Over a lifetime, the financial needs of consumers vary enormously. Whether it’s a young family looking for a mortgage or an older consumer planning for retirement, the financial needs and wants are varied, and therefore the marketing strategies to target these consumers need to vary as well.
When it comes to finding this kind of fit, one powerful strategy that sometimes gets overlooked is partner marketing. Finance brands get great results when they collaborate with the right partners, at the right time, to target customers during different lifecycle stages.
While partner marketing has been around for some time, its great applicability to life stage marketing is under-reported. So to help with that understanding, this blog will be looking at three key lifecycle stages and how the most relevant financial products can be promoted to these consumers.
Note: as a global company we strive to create posts that speak to opportunities in every region. While this post uses examples from the Australian market, the core concepts can be applied virtually anywhere.
1. Students & Graduates
With an average of 27,000 enrolments into Australian universities each year, the student market is sizable and growing. Further, one of the great things about connecting with young people is that it affords the opportunity to drive new customer relationships that may well last a lifetime. During this lifecycle stage, students often have little savings but lots of expenses, such as paying a bond, buying a car, or at the end of the student cycle, buying clothes for their first job. Therefore, the most relevant financial products to match this lifecycle stage are low-limit personal loans, providing students with the ability to cover their costs, while helping them to gain a strong credit rating for later in life.
So how can the partner channel help to promote a personal loan specifically to students? The ideal way is to work with a student-specific partner, with a large database of students. Two examples from Australia include Unidays or Student EDGE. These types of partners have high numbers of student followers, and ultimately are highly trusted. Promoting a personal loan with a specific student rate could result in higher uptake from a brand that students trust, as opposed to a bank self-promoting.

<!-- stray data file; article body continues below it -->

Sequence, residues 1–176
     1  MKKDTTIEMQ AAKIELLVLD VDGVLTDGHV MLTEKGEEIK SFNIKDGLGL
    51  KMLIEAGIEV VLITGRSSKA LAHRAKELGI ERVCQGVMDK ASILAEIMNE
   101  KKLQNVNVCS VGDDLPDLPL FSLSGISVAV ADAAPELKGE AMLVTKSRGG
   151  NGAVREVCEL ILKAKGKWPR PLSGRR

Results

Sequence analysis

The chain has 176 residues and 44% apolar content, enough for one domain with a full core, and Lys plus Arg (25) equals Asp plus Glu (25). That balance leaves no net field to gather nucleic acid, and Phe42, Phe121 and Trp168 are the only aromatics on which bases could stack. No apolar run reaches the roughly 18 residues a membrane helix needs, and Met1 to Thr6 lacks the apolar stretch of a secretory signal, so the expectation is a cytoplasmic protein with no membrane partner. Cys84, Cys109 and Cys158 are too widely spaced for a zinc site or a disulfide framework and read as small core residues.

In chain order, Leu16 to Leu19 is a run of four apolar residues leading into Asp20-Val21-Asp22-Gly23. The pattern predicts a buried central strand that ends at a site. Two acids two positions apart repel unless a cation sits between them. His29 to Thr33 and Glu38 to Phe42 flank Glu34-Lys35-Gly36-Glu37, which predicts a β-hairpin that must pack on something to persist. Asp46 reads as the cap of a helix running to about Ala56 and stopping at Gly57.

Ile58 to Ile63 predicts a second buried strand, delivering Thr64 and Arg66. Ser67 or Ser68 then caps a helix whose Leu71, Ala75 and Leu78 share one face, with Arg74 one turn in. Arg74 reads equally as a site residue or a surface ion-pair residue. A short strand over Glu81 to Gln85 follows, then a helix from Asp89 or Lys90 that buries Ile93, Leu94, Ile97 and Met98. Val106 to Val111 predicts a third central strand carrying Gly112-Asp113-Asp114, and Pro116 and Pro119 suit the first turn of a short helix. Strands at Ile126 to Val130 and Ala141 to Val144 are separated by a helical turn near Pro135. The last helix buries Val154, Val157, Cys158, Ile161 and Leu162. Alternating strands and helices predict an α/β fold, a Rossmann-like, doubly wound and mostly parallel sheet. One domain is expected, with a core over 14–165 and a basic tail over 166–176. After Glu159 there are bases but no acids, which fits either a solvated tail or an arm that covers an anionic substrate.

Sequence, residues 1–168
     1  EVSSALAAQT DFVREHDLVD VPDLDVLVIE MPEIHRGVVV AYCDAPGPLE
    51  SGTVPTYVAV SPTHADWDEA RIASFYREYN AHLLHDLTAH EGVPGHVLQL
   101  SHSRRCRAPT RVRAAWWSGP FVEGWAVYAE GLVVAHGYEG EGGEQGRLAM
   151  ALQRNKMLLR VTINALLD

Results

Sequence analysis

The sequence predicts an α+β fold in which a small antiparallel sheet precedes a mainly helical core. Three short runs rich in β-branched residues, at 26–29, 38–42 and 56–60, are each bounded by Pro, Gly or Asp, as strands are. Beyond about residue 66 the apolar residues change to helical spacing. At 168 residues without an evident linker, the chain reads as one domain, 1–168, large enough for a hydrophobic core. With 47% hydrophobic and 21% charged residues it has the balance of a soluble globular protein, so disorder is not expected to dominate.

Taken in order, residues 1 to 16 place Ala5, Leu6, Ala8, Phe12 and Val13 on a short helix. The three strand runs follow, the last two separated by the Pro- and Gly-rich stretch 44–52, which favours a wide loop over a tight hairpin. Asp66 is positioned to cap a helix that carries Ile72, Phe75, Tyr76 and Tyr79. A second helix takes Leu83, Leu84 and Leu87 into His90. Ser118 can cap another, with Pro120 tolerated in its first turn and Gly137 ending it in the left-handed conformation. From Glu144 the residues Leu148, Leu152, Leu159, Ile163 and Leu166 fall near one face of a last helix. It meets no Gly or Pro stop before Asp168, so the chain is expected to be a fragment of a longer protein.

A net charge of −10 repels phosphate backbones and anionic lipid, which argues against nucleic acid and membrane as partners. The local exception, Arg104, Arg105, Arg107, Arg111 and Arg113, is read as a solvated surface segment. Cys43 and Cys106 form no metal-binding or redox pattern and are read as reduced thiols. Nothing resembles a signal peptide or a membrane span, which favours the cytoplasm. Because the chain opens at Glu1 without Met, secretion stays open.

2. Young Professionals
Also known as Early Accumulators, these young professionals are typified by a demographic like 20-30 with no children. They generally have little debt and lots of disposable income. Although it can often feel like this group is all about spending, many are very passionate about the need to save. Therefore, the most relevant financial product for this lifecycle stage could be a savings account.
One interesting option here is what we call “transformational partnerships.” These sorts of business alliances bring together great brands that you might not immediately think of when it comes to the partner channel.
The most important element to consider with this sort of partnership is how you provide value to your customer using the meaning of the partner brand. More importantly, how that partnership enables you to provide more value to the Young Accumulator than all of the other savings accounts out there. An example might be a bank working with a retailer to offer a voucher or coupon when someone opens a savings account.
3. First-Time Families
In Australia, first time families often fall in the 30-40 age bracket, with at least one child, and can sometimes be dependent on fewer than two full-time incomes. This group’s main focus is predominantly income protection — ensuring their finances are in safe hands, particularly with children in the picture. Therefore, the most relevant financial product for this lifecycle stage might be income protection insurance.
Insurance products are a big category in partner marketing. But beyond the broad range of comparison sites you can partner with, how can we utilize different types of partners to drive results? Large, user communities like Cashrewards or Reward Gateway, may not be the first companies you think of for insurance marketing, but they can be incredibly powerful partners for the sector. With large membership databases, and the ability to finely segment, these partners could target those specifically in this bracket through email campaigns or on-site promotion.
When it comes to finance, finding financial products can be confusing and off-putting. There are so many products and banks. For finance marketers, utilizing the partner channel can open up not only new revenue streams, but new consumers as well. By collaborating with partners who are trusted by your target market, your likelihood of converting customers can be much higher, through this more innovative marketing approach.
If you want to learn more about transformational partnerships in the finance space, and the opportunities your brand could be missing, reach out to the Performance Horizon sales and client success teams today.